Auto Loan Delinquencies Continued to Climb in the Last Quarter

Matt Posky
by Matt Posky

The 60-day auto delinquency rate continued to climb through the third quarter of 2017. Driven primarily by “relaxed” underwriting standards from years past and increasing subprime originations, TransUnion’s senior vice president and automotive business head, Brian Landau, said two-month payment lapses rose 7 basis points to 1.4 percent.

At the same time, the average balance of outstanding auto loans increased by around 5.9 percent, resulting in the lowest year-over-year growth rate since the third quarter of 2012. The group’s Industry Insights Report cited this quarter’s serious auto loan delinquency rate as the highest observed since Q3 2009 — you know, when nobody had any money to pay their bills.

New business was also down. Subprime, near-prime and prime loan originations were down almost 6 percent for the third quarter. However, TransUnion explained to Automotive News that the blow was offset slightly by a 3.2 percent increase in prime-plus and super-prime originations.

“Despite fewer originations, there is evidence that more people will be opening auto loans in the near term,” Landau said. “In September, U.S. light-vehicle sales increased for the first time this year on an annual basis. Also, there will likely be several thousand new vehicles purchased as a result of the hurricanes in Florida and Texas.”

Be that as it may, it doesn’t account for the growing number of subprime loans or how many of those are now categorized as “ deep subprime.” It also doesn’t solve the problem of people defaulting on car payments. Increased sales is great for the industry, but doesn’t guarantee individuals will be able to afford those purchases down the line.

Matt Posky
Matt Posky

A staunch consumer advocate tracking industry trends and regulation. Before joining TTAC, Matt spent a decade working for marketing and research firms based in NYC. Clients included several of the world’s largest automakers, global tire brands, and aftermarket part suppliers. Dissatisfied with the corporate world and resentful of having to wear suits everyday, he pivoted to writing about cars. Since then, that man has become an ardent supporter of the right-to-repair movement, been interviewed on the auto industry by national radio broadcasts, driven more rental cars than anyone ever should, participated in amateur rallying events, and received the requisite minimum training as sanctioned by the SCCA. Handy with a wrench, Matt grew up surrounded by Detroit auto workers and managed to get a pizza delivery job before he was legally eligible. He later found himself driving box trucks through Manhattan, guaranteeing future sympathy for actual truckers. He continues to conduct research pertaining to the automotive sector as an independent contractor and has since moved back to his native Michigan, closer to where the cars are born. A contrarian, Matt claims to prefer understeer — stating that front and all-wheel drive vehicles cater best to his driving style.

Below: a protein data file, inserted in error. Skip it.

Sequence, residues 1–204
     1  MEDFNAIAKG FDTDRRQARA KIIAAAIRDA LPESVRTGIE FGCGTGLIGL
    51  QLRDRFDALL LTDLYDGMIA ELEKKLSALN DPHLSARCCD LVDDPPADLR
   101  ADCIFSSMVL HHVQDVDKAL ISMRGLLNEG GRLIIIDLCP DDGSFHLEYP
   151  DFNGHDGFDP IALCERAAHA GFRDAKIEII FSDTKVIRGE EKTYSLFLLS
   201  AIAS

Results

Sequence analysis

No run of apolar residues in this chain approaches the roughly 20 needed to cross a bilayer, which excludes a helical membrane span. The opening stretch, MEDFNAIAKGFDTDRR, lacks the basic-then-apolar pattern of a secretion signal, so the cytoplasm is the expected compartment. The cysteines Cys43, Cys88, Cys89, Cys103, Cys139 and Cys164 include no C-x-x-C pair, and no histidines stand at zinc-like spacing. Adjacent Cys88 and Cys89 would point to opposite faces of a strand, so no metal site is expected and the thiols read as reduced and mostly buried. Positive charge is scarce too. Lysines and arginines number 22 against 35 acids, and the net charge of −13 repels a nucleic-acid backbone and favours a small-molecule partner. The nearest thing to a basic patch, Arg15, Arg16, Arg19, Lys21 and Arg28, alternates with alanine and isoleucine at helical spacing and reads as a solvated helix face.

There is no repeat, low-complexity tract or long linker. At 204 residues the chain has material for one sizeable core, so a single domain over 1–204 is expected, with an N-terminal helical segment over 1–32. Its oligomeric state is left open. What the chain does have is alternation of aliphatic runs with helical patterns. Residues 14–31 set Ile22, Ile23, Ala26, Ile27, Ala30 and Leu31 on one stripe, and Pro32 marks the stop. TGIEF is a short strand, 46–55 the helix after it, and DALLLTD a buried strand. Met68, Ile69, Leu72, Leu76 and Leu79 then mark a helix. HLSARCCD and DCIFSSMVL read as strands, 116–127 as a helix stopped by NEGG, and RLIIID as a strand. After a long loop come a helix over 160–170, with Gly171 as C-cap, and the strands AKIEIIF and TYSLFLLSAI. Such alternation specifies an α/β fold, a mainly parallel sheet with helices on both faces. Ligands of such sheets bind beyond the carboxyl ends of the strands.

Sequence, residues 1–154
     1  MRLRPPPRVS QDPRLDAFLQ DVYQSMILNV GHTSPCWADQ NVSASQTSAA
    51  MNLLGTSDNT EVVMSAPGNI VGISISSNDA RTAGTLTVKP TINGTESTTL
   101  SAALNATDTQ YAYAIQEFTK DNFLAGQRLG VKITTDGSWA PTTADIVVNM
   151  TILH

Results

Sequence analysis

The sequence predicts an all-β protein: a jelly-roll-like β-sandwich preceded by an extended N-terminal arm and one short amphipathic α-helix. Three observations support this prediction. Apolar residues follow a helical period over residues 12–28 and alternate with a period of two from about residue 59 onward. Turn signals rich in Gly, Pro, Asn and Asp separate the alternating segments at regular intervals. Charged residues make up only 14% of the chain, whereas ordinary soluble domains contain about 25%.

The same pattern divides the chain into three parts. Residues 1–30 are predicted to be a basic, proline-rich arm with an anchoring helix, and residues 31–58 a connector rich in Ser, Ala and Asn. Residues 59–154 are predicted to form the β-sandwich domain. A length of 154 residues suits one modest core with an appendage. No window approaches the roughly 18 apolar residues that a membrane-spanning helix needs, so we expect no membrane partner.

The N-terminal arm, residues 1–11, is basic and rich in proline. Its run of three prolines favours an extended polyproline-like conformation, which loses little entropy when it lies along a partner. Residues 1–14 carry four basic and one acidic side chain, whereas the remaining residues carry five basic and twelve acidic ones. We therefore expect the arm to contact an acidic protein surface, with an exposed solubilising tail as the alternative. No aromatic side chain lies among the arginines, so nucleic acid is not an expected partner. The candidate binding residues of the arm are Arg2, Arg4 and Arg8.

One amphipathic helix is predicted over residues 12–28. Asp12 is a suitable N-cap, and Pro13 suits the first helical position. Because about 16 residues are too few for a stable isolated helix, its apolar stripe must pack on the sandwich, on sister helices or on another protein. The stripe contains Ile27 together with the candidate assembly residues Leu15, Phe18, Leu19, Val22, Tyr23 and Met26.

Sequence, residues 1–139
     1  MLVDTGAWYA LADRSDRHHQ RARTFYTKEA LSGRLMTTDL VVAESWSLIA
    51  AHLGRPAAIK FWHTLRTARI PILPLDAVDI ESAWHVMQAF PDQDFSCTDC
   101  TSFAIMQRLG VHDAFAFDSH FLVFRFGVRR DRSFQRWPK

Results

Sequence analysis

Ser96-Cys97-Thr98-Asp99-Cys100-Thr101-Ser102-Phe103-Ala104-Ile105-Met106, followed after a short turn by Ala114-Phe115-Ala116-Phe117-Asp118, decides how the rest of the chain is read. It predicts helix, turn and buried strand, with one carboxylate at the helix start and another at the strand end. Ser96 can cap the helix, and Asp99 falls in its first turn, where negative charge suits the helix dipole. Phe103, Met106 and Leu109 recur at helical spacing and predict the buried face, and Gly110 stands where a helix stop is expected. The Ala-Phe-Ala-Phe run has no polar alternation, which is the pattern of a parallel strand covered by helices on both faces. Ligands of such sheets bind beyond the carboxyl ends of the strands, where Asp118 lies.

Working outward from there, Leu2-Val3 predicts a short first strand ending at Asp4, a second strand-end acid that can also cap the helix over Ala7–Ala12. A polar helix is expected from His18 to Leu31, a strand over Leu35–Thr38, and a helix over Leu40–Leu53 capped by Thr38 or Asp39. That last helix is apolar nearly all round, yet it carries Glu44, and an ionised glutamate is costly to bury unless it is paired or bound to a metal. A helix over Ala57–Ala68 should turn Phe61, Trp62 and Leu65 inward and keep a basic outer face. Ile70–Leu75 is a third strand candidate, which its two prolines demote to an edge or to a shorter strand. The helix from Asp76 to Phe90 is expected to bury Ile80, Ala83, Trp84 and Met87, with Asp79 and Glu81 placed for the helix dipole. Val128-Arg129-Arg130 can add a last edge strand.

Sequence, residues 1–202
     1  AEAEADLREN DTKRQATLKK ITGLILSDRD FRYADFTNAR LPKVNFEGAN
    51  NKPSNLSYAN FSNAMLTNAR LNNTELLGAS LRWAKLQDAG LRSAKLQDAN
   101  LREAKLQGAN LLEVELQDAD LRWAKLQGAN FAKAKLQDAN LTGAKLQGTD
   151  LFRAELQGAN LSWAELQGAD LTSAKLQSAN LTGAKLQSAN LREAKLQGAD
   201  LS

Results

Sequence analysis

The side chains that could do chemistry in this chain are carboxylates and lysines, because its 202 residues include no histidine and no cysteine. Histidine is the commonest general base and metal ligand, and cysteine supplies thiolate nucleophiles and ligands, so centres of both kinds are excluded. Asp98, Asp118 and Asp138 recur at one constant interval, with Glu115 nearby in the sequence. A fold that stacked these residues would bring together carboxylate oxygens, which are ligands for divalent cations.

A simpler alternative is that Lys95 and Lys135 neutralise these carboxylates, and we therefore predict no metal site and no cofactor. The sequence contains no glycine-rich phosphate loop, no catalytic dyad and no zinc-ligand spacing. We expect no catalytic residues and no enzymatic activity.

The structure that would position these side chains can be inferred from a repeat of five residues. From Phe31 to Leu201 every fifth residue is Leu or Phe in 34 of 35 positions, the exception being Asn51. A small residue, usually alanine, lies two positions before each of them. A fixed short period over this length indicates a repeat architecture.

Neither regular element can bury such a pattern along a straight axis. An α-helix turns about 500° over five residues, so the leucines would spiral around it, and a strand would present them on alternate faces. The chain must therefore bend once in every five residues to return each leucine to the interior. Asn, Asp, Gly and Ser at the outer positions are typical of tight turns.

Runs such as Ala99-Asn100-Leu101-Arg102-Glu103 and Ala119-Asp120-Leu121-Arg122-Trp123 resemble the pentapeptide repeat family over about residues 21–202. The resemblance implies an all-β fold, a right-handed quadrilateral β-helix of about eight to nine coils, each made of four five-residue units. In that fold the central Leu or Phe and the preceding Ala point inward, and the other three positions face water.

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  • Sirwired Sirwired on Nov 22, 2017

    Seven basis points (a basis point is 0.01%) is a rounding error; a blip. Hardly headline material. With subprime loans regularly clocking interest at 8+% interest, I don't think anybody's losing sleep over 1.4% delinquencies.

  • Dougjp Dougjp on Nov 22, 2017

    Bubble bubble, toil and trouble. I remember it like yesterday, but it was so so long ago everybody forgot what happens to the economy after "subprime". And way back then....oops! It was less than 10 years ago! Just before it TANKED, people were saying there's no problem at all. We are fine! ;) Seriously, I kid you not!

    • FreedMike FreedMike on Nov 22, 2017

      The auto loan market isn't going to tank the entire economy if it goes down.

  • SoCalMikester SoCalMikester on Nov 22, 2017

    theres going to be a "correction". always is. i tend to buy stock in "distressed" companies (real, or imagined thanks to the press)and hold until they recover. VW, kobe steel, kroger. not sure a correction will even hurt them much. when it happens, thens the time to double-down on your 401k. i dont think car loans to roaches is going to trigger it. its going to be techy or bitcoiney or an unknown unknown like enron.

    • See 4 previous
    • TMA1 TMA1 on Nov 27, 2017

      The PC term is "credit criminals."

  • Danio3834 Danio3834 on Nov 22, 2017

    Now isn't the time to panic, but this is an indicator. When the average car loan term exceeds the average length of ownership, eventually the negative equity snowball will avalanche and kill us all!